**As Richard Feynman famously put it, “the double slit experiment is absolutely impossible to explain in any classical way and has in it the heart of quantum mechanics. In reality, it contains the only mystery.”**

Indeed, in this experiment, a quantum particle behaves as if it was at two distinct locations at the same time, and exhibits paradigmatic wave-like phenomena such as interference. However, it was later noted that multi-slit experiments show that the degree of delocalization of quantum particles has its limits, and that in a certain sense, quantum particles cannot be simultaneously delocalized at more than two locations.

This limitation has created a puzzle that to this day has not yet been completely resolved. Researchers at the University of Vienna and IQOQI-Vienna (Austrian Academy of Sciences) have made a significant step towards understanding this problem by reformulating interference experiments in terms of information-theoretic games. Their analysis, which has recently appeared in the journal Quantum, provides an intuitive way of thinking about interference phenomena and its limitations, thereby paving the way towards solving the aforementioned puzzle.

One of the most striking features of quantum mechanics is the superposition principle. This principle can be most easily illustrated via the double-slit experiment, which involves a particle that is sent through a plate pierced with two slits. According to our common everyday intuitions, one might expect the particle to always pass either through one slit, or through the other.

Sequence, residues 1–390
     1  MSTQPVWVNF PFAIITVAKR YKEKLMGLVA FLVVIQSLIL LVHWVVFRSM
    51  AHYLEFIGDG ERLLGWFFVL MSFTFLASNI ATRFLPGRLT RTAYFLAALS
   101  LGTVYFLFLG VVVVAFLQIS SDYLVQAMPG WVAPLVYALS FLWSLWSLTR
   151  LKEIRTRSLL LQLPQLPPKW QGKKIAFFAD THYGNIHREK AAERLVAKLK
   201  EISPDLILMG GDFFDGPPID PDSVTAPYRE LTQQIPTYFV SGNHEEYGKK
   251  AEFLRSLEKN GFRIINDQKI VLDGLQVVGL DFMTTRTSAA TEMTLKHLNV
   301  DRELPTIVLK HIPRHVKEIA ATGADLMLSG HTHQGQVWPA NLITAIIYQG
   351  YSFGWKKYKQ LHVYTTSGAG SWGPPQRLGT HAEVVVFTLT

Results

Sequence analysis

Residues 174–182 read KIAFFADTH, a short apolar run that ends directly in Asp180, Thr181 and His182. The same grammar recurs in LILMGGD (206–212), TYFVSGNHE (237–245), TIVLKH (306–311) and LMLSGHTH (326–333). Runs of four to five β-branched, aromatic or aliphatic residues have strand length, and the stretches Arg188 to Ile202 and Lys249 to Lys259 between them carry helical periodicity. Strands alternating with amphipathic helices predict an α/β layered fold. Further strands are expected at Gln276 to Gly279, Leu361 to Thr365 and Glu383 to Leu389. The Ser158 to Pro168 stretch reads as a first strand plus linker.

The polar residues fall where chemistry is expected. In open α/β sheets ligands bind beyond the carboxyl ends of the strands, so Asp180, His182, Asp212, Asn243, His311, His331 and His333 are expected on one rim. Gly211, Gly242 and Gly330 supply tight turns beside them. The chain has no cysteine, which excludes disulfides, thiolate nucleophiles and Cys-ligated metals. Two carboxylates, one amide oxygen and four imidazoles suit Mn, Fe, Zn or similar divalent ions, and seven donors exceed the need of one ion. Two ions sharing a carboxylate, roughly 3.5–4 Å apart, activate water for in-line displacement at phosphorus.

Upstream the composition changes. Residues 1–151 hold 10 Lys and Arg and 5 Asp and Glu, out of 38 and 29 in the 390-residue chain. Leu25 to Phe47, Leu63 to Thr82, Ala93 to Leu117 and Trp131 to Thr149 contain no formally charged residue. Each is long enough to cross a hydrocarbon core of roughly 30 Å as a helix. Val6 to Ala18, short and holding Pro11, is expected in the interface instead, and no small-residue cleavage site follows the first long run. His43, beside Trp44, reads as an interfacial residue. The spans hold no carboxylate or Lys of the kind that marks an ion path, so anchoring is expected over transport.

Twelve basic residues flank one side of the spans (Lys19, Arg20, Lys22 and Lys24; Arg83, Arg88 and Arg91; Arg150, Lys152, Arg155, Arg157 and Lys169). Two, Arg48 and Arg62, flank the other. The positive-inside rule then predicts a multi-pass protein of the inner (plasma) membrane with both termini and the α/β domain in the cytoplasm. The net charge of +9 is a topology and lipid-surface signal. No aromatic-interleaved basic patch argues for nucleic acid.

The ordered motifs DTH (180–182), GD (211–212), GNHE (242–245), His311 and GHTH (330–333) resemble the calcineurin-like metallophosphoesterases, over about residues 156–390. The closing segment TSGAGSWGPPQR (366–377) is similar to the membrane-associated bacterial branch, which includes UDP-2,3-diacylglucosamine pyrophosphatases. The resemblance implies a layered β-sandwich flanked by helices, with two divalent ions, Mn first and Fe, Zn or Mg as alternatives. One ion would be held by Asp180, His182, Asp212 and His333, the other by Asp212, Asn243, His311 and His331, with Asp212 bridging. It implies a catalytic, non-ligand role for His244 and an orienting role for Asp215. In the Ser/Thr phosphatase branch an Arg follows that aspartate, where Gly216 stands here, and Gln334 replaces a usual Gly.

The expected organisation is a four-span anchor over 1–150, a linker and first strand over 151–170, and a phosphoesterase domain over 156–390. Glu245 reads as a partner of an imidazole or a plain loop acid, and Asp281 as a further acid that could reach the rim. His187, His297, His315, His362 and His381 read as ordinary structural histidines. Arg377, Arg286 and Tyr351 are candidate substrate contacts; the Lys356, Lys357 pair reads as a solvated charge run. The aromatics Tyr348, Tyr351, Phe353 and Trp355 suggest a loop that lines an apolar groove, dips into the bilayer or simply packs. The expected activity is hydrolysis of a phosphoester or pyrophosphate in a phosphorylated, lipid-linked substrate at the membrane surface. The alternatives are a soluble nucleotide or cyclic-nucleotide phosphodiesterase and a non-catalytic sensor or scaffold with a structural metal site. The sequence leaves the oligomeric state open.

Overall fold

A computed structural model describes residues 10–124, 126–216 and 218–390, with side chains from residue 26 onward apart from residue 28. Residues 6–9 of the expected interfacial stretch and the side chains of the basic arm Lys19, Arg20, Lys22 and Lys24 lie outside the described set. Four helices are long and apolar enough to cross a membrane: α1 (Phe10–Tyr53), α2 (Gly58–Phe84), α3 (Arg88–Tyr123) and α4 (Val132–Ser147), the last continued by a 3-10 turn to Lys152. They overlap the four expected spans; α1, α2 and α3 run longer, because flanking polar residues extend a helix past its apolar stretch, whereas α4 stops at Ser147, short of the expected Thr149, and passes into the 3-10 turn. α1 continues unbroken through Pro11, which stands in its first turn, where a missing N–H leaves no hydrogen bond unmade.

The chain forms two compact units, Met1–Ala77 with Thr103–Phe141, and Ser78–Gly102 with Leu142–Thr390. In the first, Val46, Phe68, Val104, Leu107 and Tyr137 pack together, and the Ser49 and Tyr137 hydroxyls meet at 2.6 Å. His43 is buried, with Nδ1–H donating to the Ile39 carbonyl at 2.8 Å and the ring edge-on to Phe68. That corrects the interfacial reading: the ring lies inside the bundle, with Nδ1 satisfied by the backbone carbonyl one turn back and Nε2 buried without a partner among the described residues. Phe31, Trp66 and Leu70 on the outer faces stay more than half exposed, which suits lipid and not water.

However, quantum mechanics implies that the particle can in a certain sense pass through both slits at the same time, that is, it can be in a superposition of two locations at the same time. This possibility underlies the phenomenon of quantum interference, i.e. the striking wave-like behavior exhibited by quantum particles. Now, is there a way to quantify the degree to which quantum particles can be de-localized? Does quantum theory allow particles to traverse more than two paths at the same time? In order to understand these questions, physicists have analyzed “multi-slit experiments” (Sorkin, Rafael D. “Quantum mechanics as quantum measure theory.”

Modern Physics Letters A 9.33 (1994): 3119-3127.), which differ from the double-slit experiment only in the number of slits: for example, a triple-slit experiment involves a particle sent through three slits. One may think that if a quantum particle can pass through two slits at the same time, it should also be able to simultaneously pass through three, four, or any number of slits. Surprisingly, it was immediately noted that any pattern obtained in multi-slit experiments can be explained by the particle always passing through at most two slits at the same time. Even though this feature is mathematically fully understood, the following questions remain unanswered: is there a physical reason for the apparent asymmetry between the double-slit experiment and multi-slit experiments? What underlies this somewhat arbitrary limitation on the “delocalization” of quantum particles?